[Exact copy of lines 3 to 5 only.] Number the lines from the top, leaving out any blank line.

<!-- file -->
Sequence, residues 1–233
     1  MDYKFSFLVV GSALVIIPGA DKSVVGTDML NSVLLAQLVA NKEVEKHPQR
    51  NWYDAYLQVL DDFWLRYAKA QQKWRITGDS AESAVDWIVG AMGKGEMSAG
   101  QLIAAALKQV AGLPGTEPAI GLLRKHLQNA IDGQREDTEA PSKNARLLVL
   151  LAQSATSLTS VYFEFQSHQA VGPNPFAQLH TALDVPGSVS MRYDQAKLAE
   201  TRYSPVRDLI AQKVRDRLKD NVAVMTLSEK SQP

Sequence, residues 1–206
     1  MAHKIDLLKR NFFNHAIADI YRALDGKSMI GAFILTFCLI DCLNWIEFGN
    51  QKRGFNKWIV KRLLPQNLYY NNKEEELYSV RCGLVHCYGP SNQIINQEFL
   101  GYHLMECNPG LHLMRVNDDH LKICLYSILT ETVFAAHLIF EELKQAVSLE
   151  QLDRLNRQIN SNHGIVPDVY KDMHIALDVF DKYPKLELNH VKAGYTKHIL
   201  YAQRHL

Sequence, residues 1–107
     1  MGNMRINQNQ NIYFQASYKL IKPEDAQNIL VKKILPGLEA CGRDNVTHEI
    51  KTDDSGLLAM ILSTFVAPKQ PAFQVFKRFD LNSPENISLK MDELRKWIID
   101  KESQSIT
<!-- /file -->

    51  NWYDAYLQVL DDFWLRYAKA QQKWRITGDS AESAVDWIVG AMGKGEMSAG
   101  QLIAAALKQV AGLPGTEPAI GLLRKHLQNA IDGQREDTEA PSKNARLLVL
   151  LAQSATSLTS VYFEFQSHQA VGPNPFAQLH TALDVPGSVS MRYDQAKLAE